UW-Madison Eye Researchers Key to Major Study of Diabetic Eye Disease
Madison, Wisconsin - University of Wisconsin-Madison ophthalmologists analyzed thousands of eye photographs as part of a large study that says reducing blood lipid levels slows the progression of diabetic retinopathy, the most common diabetic eye problem and a major cause of blindness worldwide.
The Action to Control Cardiovascular Risk in Diabetes (ACCORD) Eye Study, published in today's online New England Journal of Medicine, enrolled nearly 3,000 adults with type 2 diabetes who were at especially high risk for heart attack, stroke or death from cardiovascular disease.
The results are also being presented at the American Diabetes Association meeting.
The study evaluated three ways to lower cardiovascular risks associated with diabetes:
- Intensive control of blood sugar to near-normal levels
- Intensive control of blood pressure to near-normal levels
- Combination treatment of elevated blood lipids with a fibrate and a statin compared to standard treatment with statin alone
The study found that intensive blood-sugar control reduced the progression of diabetic retinopathy compared with standard blood-sugar control. However, because intensive control increased the risk of death by 22 percent, researchers stopped the intensive blood-sugar strategy after an average of three and a half years of treatment, instead of the planned length of just more than five years.
The study confirmed that combination lipid-lowering therapy with a fibrate and statin reduced the progression of diabetic retinopathy compared with statin therapy alone.
Intensive blood-pressure control did not show benefits for the eyes.
In an accompanying editorial, Dr. Barbara Klein, a professor of ophthalmology and visual sciences at the University of Wisconsin School of Medicine and Public Health, called the 40 percent reduction in retinopathy progression created by the lipid-lowering combination "an exciting finding."
She also noted that limiting eye damage from diabetes has other benefits.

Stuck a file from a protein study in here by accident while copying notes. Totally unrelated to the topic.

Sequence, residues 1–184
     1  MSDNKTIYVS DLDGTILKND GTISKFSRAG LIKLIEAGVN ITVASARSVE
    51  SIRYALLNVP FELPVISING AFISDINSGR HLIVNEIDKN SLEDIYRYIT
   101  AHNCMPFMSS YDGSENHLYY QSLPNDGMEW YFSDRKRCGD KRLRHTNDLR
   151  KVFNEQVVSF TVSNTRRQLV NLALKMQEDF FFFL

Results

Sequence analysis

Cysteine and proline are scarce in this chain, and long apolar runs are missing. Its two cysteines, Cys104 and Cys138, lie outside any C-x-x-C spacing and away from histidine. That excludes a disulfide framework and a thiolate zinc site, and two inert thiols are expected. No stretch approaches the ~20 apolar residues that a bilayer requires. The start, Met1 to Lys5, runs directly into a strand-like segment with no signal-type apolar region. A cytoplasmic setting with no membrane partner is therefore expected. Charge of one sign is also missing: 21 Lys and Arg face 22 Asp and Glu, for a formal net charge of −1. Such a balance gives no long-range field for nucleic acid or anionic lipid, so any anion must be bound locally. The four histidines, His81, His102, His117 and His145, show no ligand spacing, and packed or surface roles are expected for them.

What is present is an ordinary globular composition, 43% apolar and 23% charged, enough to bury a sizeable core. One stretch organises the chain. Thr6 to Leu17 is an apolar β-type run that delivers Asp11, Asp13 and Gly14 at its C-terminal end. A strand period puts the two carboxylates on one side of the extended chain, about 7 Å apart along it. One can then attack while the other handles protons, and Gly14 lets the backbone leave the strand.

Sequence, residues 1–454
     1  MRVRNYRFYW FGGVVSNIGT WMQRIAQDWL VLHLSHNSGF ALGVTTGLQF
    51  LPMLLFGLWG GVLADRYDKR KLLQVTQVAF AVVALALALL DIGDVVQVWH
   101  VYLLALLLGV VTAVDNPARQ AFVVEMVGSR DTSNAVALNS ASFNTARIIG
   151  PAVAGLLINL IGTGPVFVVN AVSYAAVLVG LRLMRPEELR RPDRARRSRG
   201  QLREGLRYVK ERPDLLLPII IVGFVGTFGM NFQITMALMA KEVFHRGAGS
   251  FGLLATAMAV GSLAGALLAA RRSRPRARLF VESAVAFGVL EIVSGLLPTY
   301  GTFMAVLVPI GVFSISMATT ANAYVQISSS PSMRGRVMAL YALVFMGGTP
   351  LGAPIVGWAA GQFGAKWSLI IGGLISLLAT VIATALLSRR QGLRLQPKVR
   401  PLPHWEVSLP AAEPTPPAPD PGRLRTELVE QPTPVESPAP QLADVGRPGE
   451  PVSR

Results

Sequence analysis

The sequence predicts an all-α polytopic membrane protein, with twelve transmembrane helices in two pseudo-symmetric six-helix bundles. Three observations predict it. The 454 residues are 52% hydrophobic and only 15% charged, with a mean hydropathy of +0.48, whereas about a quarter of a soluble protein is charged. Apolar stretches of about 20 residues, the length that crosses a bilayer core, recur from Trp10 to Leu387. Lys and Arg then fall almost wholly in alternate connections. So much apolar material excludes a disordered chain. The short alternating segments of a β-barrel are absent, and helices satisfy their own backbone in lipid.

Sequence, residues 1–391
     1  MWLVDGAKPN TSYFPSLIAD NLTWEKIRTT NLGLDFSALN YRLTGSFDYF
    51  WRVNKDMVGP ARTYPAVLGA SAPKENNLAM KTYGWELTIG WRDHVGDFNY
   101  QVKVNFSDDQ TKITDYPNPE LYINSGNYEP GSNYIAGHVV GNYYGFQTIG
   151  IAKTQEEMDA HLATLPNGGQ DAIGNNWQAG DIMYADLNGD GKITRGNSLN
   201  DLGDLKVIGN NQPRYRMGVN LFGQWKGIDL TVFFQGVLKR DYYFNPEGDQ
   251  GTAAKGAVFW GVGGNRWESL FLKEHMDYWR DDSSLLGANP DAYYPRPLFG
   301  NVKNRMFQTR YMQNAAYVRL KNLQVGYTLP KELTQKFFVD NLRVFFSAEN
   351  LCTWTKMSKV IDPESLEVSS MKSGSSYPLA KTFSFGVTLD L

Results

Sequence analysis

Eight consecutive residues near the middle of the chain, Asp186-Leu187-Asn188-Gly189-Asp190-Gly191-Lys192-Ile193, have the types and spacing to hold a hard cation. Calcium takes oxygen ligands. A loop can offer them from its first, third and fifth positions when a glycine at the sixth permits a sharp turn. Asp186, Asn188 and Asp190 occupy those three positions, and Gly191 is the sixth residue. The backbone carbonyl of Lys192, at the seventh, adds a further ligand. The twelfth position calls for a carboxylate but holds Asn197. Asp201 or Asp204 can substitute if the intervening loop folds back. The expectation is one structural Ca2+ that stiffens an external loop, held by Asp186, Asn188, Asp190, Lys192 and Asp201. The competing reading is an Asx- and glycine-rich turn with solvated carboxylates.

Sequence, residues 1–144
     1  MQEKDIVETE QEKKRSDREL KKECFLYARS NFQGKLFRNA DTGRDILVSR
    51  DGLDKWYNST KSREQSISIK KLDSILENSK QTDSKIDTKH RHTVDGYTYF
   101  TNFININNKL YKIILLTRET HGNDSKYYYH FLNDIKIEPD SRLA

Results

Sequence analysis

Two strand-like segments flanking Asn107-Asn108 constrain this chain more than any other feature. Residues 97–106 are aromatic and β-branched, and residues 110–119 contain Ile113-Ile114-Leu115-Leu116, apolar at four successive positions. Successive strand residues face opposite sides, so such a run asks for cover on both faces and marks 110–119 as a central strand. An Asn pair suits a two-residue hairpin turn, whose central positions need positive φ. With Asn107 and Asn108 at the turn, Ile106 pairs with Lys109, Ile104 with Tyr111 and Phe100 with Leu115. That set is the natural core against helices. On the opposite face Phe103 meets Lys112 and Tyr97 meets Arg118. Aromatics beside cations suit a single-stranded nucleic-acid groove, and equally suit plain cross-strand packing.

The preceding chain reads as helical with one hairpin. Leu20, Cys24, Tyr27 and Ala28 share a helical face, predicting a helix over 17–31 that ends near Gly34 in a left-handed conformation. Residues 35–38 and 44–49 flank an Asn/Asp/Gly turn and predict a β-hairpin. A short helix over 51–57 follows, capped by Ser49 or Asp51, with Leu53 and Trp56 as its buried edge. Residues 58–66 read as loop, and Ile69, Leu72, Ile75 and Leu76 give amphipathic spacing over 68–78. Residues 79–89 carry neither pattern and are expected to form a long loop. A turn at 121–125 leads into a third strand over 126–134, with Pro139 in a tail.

"Perhaps more critical," she writes, "is that retinopathy occurs either simultaneously or before systemic complications involving small blood vessels, such as renal disease, as well as neuropathy and complications affecting large blood vessels."
Dr. Ronald Klein, colleague and husband of Dr. Barbara Klein, said the ACCORD study was too short to see a protective effect of intensive glycemic control in reducing more severe effects of diabetes, such as the need for photocoagulation for certain retinal diseases or for dialysis for end-stage renal disease.
Writing in this week's edition of the Lancet about another paper from ACCORD, Klein said it took another study nearly 10 years to demonstrate the benefit of controlling blood sugar in reducing the incidence of these advanced diabetic complications.
Klein writes "... with the expected doubling or tripling in the number of people worldwide who will develop type 2 diabetes over the next 20 to 30 years, it is important that ACCORD's findings not be misinterpreted as a justification for a return to poor glycemic control."
In the ACCORD Eye Study, researchers analyzed the progression of diabetic retinopathy over four years in 2,856 participants. The analysis took place at the Fundus Photograph Reading Center, part of the School of Medicine and Public Health's Department of Ophthalmology and Visual Sciences. The retina photos were evaluated on a retinopathy severity scale developed at UW-Madison.
Wisconsin faculty and staff, including Dr. Ronald Danis, Dr. Matthew Davis, Dr. Sapna Gangaputra and researchers Larry Hubbard and Barbara Esser, helped write the New England Journal of Medicine article.
"These are important findings given the number of people who have diabetes now or are at risk of developing it," says Dr. Danis. "This study shows that controlling blood sugar and lipids are the best ways for diabetics to protect their eyes."
More than four million American adults age 40 and older have been diagnosed with diabetic retinopathy; between 40 and 45 percent of those diagnosed with diabetes have some degree of the disease.
In diabetic retinopathy, diabetes damages blood vessels in the eye's light-sensitive retinal tissue. The blood vessels can begin to leak, causing swelling in the retina, which results in vision loss. In addition, abnormal new blood vessels can develop and cause vision loss.
The ACCORD Eye Study was funded by the National Eye Institute (NEI).
Date Published: 06/29/2010